“Rapture’s Delight” hits the sweet spot perfectly, and while I’m sure there are many who found it offensive simply because Jesus was in it and there were jokes about him, anyone willing to see past the superficial fact of that statement will find some genuinely strong humor here, and it’s humor that manages — remarkably — to be respectful of its source material.
When Stan slaps Jesus, Jesus literally — and coolly — turns the other cheek. When Stan slaps that as well, Jesus grabs his face and shouts, “Ow! My other cheek!”
That’s sincerely brilliant.
And when the gang manages to track down The Antichrist, we find that he’s Jesus’s opposite in every way…most amusingly when his death machine falls apart and he feels obligated to explain that Jesus was a carpenter, therefore The Antichrist, as his opposite, isn’t really very handy at all.
It’s just good writing. I’m not one to get offended at religious humor, but I do routinely get offended at lazy humor…and religious humor often is. If this were Family Guy I’d expect Jesus to get a diarrhea attack or something…or perhaps fight a giant chicken for a tedious 6 minutes or so. But American Dad! looks for a more rewarding avenue to explore, and so we have Jesus clumsily donning sunglasses and attempting to coin action-movie worthy catch phrases, simply in order to live up to his own image.
It’s gentler, but it’s also funnier. And, what’s more, it leaves room for the episode to pull in a more emotional direction.
Because, at the end of the day, this is still a Christmas special. And so while the first major part of the episode plays with the ridiculousness of the Left Behind mythology and the second strands us seven years forward in the midst of holy war, the episode still has to end. We’ve had our fun, but next week the Smith family needs to go on an unrelated adventure, and so, somehow, this will all have to be undone.
Of course, an episode like this can always just excuse itself. The Simpsons does it annually as well, only they do it on Halloween. Nobody wonders why Groundskeeper Willie still appears on the show even though we’ve seen him get his spine severed (three times), because when an episode deviates that far from normalcy, we’re willing to view it as an isolated moment, separate from the main flow of episodes. It’s an experiment, a way for the writers and audience to blow off steam, one night a year that we don’t have to take seriously.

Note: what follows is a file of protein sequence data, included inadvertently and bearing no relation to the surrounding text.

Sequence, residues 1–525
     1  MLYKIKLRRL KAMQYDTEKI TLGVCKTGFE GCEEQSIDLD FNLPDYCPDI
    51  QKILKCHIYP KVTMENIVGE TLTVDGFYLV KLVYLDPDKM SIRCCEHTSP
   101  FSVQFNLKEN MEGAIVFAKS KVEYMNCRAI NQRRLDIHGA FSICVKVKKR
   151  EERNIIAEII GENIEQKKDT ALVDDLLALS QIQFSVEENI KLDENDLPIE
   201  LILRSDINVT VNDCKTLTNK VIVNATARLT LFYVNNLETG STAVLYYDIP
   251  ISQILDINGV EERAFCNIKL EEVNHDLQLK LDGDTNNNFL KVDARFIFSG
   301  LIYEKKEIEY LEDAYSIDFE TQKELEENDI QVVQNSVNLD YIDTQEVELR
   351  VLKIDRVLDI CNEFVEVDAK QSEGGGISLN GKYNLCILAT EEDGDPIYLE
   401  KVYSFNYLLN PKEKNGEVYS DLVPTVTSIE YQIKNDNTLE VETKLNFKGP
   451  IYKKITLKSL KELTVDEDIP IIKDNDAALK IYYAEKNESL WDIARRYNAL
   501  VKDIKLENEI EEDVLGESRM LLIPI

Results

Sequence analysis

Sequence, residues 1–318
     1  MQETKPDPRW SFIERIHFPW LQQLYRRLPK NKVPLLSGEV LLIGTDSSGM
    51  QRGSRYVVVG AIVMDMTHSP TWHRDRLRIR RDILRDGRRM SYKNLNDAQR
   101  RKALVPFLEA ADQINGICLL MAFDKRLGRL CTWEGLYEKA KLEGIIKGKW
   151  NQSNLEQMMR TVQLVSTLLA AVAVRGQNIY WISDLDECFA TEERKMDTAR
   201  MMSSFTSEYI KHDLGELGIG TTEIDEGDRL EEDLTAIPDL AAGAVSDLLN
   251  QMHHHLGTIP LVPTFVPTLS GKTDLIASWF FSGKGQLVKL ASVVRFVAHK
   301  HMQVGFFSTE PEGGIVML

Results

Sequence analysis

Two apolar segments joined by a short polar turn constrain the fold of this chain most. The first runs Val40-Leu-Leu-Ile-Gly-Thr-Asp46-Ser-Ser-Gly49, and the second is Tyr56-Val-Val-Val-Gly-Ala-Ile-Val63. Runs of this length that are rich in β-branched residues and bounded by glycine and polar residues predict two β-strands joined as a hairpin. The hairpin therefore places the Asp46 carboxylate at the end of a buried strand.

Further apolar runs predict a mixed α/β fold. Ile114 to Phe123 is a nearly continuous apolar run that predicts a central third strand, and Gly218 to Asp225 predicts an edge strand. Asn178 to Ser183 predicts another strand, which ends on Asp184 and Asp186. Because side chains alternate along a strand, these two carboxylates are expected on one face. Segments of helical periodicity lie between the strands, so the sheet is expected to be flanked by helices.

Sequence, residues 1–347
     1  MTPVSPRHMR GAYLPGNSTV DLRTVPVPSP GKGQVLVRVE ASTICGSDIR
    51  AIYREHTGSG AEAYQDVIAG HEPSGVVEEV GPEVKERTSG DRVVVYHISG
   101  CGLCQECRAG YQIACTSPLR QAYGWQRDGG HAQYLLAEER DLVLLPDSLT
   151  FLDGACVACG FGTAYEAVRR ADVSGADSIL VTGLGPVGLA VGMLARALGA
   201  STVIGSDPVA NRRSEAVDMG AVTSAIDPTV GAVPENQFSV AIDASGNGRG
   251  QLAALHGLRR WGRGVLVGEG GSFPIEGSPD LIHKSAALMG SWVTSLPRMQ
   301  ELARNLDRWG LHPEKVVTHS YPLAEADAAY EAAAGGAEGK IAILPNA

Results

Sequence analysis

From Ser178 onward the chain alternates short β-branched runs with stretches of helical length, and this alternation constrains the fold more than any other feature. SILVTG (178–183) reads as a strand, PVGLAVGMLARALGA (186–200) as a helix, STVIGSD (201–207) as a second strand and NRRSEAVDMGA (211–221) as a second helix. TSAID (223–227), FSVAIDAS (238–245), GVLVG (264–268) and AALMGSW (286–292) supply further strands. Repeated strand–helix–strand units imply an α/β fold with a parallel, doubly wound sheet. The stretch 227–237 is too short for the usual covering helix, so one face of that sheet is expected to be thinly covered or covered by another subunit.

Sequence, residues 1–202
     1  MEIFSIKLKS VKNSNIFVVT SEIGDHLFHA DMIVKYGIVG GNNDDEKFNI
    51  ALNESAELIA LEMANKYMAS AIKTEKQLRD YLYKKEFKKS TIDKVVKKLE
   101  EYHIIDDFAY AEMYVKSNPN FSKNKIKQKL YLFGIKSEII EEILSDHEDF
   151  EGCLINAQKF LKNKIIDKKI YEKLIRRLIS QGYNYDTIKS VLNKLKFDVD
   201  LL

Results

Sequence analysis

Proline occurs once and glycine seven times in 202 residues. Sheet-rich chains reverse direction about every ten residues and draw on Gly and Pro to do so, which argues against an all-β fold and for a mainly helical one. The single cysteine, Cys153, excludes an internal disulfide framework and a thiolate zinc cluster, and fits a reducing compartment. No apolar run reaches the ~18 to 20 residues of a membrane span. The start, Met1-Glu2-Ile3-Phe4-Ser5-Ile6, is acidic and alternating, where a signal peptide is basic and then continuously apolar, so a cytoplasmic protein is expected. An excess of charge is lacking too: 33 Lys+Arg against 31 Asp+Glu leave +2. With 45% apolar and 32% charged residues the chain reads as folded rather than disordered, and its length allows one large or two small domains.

“Rapture’s Delight,” however, doesn’t take the easy way out. Stan sacrifices himself in the lair of The Antichrist so that Jesus and Francine may live on. His selfish obsession with being left behind is what caused Francine to leave him for The Lamb of God in the first place, but as he lay dying, Francine sees that he’s kept their wedding rings on a necklace for the entire seven years. He lost his wife and everything else he ever had, but he always wore their rings beside his heart.
He dies, and is shown to his own private Heaven…an eternity designed to his own subconscious expectations. And he walks through the door to find…
…the beginning of the episode. Francine has just finished getting ready, and he’s still late for church, but he’s just happy to be with her again. In fact, it’s literally Heaven to him.
It’s a sweet ending, and holiday appropriate, but also an extremely loaded one. This single scene both provided the episode with its decidedly tangential moral and wrapped it back into the main flow of American Dad! stories, but it also tells us that Stan is dead…that the show, though it still marches on, now takes place in the main character’s afterlife.
When we see Stan get shot through the heart by The Antichrist we know — know — he won’t die. How can he? The show’s not over.
And yet, he does die. American Dad! doesn’t brush it aside, and it wasn’t done for the purpose of a joke. This really happened. The Rapture did occur. The Earth was razed in a postmillenial firestorm. And the main character was shot to death.
That all happened. And here we are, back at home. But it’s not because the reset button has been pressed…it’s because Stan’s Heaven is just life as it’s always been. For better, or for worse. In sickness, and in health. This is what Stan wants, and after fighting the good fight for seven grueling years, this is what he’s earned: exactly what he already had.
Very few shows would have the guts to do this. Even fewer would make it canon. And only one would do it on Christmas. Thank God for American Dad!.
Tomorrow: The unlikely appeal of the aluminum pole.